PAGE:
This article shows the problems that surround attempts to reveal police misconduct when coverups, goofs by federal investigators and good ole back door jury tampering occurs. Note the Justice Departments is hiding the ball on the details of what they did or did not do in reviewing illegal police shootings in New Orleans. A judge will determine if the public has access to federal DOJ records.
AP Joins Bid to Unseal Court Records
By MICHAEL KUNZELMAN Associated Press Aug 19, 2013, 4:27 PM
The Associated Press on Monday joined a New Orleans newspaper in urging a federal judge to unseal court documents related to a Justice Department probe of alleged prosecutorial misconduct in its investigation of deadly police shootings that happened after Hurricane Katrina.
AP attorneys argued in a court filing that the public’s interest in monitoring the profile case “cannot be overstated.”
U.S. District Judge Kurt Engelhardt hasn’t ruled on The Times-Picayune’s Aug. 6 request to intervene in the case against five current or former police officers who were convicted of civil rights violations stemming from the shootings on a New Orleans bridge less than a week after the 2005 storm.
The Times-Picayune and AP are seeking access to sealed court filings and transcripts of closed-door hearings that Engelhardt held after ordering federal authorities to investigate the source of leaked information about the case.
“As The Times-Picayune’s memorandum already demonstrates, the First Amendment’s qualified right of public access to judicial proceedings and records in criminal cases applies regardless of the public status of the defendant, the nature of the crimes charged, or any allegations of prosecutorial misconduct,” AP lawyers wrote.
During a hearing in June 2012, Engelhardt said it appeared federal prosecutors didn’t conduct a “full-blown investigation” after AP and The Times-Picayune published articles about former New Orleans Police Lt. Michael Lohman’s anticipated guilty plea while his case was under seal. In December 2012, the Justice Department appointed one of its prosecutors from Georgia to investigate the leaks and ensure compliance with Engelhardt’s order.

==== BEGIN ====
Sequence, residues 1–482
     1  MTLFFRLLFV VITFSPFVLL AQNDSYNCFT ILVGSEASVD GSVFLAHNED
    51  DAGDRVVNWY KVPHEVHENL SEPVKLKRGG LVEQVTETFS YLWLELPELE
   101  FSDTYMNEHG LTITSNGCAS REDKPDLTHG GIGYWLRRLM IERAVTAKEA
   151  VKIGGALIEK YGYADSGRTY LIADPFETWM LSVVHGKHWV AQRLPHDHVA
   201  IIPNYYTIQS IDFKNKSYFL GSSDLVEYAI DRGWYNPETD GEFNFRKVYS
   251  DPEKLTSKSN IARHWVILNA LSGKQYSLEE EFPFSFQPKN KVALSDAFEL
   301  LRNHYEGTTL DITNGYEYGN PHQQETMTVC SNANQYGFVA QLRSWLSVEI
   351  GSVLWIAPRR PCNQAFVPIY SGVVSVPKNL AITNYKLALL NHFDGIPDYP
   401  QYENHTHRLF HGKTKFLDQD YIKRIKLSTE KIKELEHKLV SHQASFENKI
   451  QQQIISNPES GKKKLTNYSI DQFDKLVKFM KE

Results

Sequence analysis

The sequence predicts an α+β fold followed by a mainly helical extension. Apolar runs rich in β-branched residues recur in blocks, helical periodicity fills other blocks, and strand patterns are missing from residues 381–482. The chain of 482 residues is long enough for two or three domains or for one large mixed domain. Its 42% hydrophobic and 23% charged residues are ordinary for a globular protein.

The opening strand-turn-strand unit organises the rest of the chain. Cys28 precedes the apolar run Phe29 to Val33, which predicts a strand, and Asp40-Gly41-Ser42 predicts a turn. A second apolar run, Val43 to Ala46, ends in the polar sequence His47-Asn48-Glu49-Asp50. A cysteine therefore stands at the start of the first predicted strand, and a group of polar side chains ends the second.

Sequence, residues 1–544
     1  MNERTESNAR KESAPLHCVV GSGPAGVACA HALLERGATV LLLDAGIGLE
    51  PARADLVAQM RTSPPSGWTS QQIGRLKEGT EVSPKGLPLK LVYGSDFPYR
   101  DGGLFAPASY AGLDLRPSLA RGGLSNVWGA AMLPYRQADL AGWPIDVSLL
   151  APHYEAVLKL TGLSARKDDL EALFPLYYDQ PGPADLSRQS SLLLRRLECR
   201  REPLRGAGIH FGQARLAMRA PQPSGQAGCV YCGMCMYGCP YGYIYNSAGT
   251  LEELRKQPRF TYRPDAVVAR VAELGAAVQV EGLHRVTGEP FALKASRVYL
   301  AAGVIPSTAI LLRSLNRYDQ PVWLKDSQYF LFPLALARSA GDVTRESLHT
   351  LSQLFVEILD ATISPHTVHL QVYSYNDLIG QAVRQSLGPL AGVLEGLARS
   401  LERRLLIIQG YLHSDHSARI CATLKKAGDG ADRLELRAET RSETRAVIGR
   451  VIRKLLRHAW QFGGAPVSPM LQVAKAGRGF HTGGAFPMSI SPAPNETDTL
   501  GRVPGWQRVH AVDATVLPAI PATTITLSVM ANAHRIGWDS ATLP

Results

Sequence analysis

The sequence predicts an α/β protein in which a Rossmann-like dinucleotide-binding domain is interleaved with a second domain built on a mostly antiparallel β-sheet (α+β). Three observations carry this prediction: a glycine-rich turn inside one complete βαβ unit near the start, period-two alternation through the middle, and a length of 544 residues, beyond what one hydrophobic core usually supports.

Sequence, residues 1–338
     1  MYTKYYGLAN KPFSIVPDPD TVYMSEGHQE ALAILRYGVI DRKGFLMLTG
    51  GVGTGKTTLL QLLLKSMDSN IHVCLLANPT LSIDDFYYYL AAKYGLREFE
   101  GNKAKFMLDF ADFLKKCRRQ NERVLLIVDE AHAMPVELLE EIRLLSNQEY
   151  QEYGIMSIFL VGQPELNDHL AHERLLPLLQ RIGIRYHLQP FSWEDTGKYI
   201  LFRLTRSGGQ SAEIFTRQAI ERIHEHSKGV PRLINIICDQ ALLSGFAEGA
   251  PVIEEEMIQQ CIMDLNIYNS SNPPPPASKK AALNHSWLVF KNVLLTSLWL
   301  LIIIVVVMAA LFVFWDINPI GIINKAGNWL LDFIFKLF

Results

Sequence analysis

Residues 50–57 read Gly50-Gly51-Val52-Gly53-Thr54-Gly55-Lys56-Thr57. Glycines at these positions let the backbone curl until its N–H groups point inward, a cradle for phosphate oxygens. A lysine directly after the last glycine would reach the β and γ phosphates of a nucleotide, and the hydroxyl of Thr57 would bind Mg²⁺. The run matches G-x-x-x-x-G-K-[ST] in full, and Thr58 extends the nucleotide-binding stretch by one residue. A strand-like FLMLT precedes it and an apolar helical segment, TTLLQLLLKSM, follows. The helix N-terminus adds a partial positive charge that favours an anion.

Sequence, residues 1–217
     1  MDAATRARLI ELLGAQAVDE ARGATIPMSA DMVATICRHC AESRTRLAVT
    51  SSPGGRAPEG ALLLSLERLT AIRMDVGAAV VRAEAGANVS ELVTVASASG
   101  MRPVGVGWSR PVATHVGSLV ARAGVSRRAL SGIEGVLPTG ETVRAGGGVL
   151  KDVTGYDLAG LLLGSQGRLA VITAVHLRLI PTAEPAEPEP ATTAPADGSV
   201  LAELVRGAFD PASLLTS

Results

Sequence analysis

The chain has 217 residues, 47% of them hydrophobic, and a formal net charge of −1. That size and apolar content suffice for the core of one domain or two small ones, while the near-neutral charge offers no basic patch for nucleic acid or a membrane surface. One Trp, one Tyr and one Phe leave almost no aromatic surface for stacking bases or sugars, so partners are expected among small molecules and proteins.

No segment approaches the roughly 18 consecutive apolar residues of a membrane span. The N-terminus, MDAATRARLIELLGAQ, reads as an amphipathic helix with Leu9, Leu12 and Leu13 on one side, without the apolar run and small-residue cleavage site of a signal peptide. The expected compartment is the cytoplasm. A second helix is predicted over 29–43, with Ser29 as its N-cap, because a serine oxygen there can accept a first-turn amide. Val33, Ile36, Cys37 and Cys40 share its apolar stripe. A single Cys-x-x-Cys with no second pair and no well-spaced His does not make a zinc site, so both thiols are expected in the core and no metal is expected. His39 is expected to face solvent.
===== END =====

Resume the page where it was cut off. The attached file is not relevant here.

Police shot and killed two unarmed people and wounded four others on Sept. 4, 2005, at the Danziger Bridge before engaging in a cover-up designed to make the shootings appear justified.
Lohman and four other former officers pleaded guilty to participating in a cover-up and are serving prison sentences. The five former officers convicted at trial in 2011 on charges arising from the shootings were sentenced by Engelhardt to prison terms of up to 65 years.
Attorneys for the officers convicted at trial claim that a series of leaks to the media, including about Lohman’s guilty plea, were part of a “secret public relations campaign” designed to influence the pool of prospective jurors. They have asked Engelhardt to order a new trial.
“Not only is the federal prosecutors’ conduct questioned in the post-conviction proceedings, but a substantial allegation of intentional jury tainting has been made,” AP attorneys wrote.
Former U.S. Attorney Jim Letten resigned in December 2012 after two of his top deputies acknowledged they had been posting anonymous comments on nola.com, The Times-Picayune’s companion website, about cases their office had handled, including the Danziger Bridge probe.
Several months before his resignation, Letten had told Engelhardt he didn’t authorize anyone from his staff to leak information about Lohman’s case and was furious when the reports were published.